Ford EcoSport

As its name suggests: Ford EcoSport displays a split personality

By Jim Bray
November 21, 2019

Ford's entry-level SUV – or crossover, if you prefer such a designation – is an interesting beast. It's small, can be equipped very well in its upper trim level(s), and offers some of the stuff I appreciate most about Ford, such as its Sync 3 touch screen interface.

Yet it also leaves quite a bit to be desired. It doesn't "sport" a lot of power, its fuel mileage (during my week of relatively lead-footed driving, so I could review it "apples to apples" compared with other such vehicles in this class that I've driven) is unremarkable, and it had one of the worst conventional automatic transmissions I've ever sampled – and since I generally hate CVT's (and this isn't one) that says something!

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It also has a tall seating position I couldn't get just right for my legs (which barely reach the ground when I'm standing), a seat narrow enough that my prodigious posterior threatened to ooze over its sides, and a wheelbase short enough to make speed bumps seem even worse than in other vehicles with more space between the front and rear axles.

That wheelbase issue isn't unique to the EcoSport, of course, and is shared by other SUV/Crossovers in this niche. It's more the nature of the beast – and it certainly isn't as jarring as taking speed bumps in something even smaller, such as the purportedly Smart car.

Speaking of Smart cars, I remember when I first reviewed the Smart Fortwo back in 2009 and I described the way it shifted thusly: "Then it shifts, shuddering and shrugging and nearly tossing you into the windshield. Thank goodness for seatbelts!"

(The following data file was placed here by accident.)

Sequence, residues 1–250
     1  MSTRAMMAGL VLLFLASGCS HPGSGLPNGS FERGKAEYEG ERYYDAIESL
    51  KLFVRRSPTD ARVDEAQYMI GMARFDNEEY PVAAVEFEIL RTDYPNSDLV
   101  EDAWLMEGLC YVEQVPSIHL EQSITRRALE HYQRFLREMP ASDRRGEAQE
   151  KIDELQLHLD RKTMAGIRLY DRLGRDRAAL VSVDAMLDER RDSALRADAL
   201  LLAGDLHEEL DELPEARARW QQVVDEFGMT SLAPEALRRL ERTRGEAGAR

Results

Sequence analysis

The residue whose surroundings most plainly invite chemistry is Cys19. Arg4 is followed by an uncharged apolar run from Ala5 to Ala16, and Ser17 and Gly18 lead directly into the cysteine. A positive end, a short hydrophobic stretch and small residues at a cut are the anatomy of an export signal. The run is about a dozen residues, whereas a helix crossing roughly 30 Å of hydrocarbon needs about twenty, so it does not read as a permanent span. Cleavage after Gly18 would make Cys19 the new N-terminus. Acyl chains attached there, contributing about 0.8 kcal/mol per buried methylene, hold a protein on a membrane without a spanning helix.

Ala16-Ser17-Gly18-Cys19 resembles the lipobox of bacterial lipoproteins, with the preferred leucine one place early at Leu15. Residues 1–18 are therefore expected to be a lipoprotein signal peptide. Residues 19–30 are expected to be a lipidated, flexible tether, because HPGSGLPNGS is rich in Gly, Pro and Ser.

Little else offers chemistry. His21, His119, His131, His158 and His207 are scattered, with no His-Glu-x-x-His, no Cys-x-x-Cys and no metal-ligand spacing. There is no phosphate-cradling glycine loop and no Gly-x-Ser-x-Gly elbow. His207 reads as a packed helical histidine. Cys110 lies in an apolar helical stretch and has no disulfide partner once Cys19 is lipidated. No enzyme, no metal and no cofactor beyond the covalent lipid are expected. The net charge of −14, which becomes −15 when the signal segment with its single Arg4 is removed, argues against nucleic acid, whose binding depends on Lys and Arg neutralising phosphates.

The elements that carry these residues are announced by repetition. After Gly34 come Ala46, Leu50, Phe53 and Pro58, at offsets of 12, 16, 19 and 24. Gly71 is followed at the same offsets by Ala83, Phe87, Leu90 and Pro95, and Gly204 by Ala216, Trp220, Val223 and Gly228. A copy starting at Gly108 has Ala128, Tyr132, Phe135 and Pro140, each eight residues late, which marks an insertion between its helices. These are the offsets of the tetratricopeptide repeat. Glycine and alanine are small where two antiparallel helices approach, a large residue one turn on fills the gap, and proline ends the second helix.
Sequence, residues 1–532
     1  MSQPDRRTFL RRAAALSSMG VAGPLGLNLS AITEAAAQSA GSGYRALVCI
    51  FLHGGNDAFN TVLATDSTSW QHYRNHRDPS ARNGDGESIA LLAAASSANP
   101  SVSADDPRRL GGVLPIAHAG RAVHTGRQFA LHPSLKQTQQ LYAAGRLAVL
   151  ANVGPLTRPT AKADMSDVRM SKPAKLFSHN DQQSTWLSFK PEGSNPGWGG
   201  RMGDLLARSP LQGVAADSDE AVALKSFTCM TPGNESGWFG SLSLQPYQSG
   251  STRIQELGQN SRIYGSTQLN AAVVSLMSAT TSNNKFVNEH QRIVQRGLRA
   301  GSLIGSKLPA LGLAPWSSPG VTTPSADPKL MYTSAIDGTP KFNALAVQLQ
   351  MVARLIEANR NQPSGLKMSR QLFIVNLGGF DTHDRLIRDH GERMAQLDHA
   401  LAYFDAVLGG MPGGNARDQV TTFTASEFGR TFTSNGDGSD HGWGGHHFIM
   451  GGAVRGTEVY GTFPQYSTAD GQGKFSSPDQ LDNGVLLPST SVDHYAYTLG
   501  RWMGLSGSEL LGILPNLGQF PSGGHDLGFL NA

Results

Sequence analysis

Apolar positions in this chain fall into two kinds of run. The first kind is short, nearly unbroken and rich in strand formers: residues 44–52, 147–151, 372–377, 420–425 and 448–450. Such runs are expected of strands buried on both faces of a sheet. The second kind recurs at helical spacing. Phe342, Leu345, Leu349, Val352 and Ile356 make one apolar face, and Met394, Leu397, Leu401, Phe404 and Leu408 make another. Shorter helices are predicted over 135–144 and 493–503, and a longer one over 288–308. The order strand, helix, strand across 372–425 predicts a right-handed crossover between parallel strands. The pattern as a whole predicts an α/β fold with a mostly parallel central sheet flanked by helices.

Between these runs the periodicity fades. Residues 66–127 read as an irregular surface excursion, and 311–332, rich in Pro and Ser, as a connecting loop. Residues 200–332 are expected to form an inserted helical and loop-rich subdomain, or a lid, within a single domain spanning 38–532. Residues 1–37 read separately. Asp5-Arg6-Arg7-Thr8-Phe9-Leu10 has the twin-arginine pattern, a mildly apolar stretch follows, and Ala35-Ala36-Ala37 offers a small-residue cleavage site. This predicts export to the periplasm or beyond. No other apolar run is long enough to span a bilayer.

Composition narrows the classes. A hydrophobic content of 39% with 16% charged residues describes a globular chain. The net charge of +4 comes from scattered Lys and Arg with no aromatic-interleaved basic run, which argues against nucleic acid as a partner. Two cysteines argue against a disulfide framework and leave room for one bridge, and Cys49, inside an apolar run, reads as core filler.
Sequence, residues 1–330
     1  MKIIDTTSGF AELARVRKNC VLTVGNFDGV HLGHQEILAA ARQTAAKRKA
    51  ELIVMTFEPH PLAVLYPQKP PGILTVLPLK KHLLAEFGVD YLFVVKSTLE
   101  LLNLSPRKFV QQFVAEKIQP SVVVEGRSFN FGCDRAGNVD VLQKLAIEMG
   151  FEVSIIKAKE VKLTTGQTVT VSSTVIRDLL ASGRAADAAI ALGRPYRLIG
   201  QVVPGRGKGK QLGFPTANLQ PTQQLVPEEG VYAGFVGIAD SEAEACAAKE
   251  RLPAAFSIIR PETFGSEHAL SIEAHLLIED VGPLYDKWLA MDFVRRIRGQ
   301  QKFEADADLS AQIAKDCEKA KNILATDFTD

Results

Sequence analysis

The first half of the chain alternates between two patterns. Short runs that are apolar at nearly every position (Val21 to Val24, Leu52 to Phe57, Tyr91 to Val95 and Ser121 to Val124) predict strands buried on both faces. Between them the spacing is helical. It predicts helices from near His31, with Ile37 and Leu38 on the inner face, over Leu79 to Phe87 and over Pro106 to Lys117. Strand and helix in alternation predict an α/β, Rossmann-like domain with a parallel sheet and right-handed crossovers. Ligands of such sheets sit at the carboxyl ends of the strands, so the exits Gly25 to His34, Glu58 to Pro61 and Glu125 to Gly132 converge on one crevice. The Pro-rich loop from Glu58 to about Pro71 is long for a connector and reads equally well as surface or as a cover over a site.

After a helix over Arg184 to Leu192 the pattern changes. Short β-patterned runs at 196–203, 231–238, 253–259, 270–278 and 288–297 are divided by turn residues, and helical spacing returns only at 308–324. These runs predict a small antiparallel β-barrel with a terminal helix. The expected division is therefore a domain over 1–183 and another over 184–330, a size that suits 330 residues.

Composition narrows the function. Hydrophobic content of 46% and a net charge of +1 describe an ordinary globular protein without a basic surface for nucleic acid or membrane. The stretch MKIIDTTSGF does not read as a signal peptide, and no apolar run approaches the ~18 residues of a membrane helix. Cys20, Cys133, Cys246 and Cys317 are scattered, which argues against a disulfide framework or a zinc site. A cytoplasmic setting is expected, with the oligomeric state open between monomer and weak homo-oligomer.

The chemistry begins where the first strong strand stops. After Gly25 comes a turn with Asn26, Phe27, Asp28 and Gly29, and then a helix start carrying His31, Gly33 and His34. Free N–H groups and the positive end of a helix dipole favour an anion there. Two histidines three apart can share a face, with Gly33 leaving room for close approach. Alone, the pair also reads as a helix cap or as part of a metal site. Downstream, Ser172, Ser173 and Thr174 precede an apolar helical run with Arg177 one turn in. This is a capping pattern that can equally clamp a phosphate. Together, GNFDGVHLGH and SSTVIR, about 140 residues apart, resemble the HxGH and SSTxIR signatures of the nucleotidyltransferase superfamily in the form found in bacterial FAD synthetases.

And that's pretty well how the EcoSport shifted during my week with it. Not all the time, but often. I'd notice it the most, usually, when the vehicle was cold, but it wasn't exclusive to that. It bothered me so much that I asked an associate who works at a local Ford dealer if he'd heard about such an issue with the EcoSport tranny. He opined that it probably needed to be reprogrammed, though when I took the vehicle back at the end of my week that Ford guy said he'd already had it reprogrammed a couple of times.

He also said that the fact that the transmission learns your driving style might also contribute to the issue – and that perhaps the person who had the thing before me had a much less aggressive driving style. In other words, your mileage may vary.

Further rubbing me the wrong way was that the sample EcoSport didn't come with paddle shifters, which may not have helped with the jerkiness but which at least offer a better driving/shifting experience than the +/- manual shift button Ford sticks on its shift levers. It's a six-speed automatic, by the way, which I still like in an era of seemingly ever-increasing gears (it's easy to find eight or 10 these days).

Ford's Canadian website lists the EcoSport S as starting at $21,849, which I suppose is pretty reasonable, but Ford Canada's sample wore the Titanium livery, which is the top of the line and starts at a lot less reasonable (but, to be fair, still competitive with others in this niche) $30,349 – and that also makes it a lot nicer to be in. There are also SE and SES trim levels between the S and the Titanium.

Powering the Titanium version is a two litre four-cylinder engine with start/stop technology that can shut it down at traffic lights. Ford says its horsepower/torque figures are 166 @ 6500 rpm and 149 @ 4500 rpm respectively. This is reasonable in an entry level car, but it seems inadequate here. Still, I was glad Ford sent the bigger engine: you can also choose a one litre four with its 123 @ 6,000/125 @ 1,500 - 4,500 power/torque that I imagine would be quite a bit less compelling.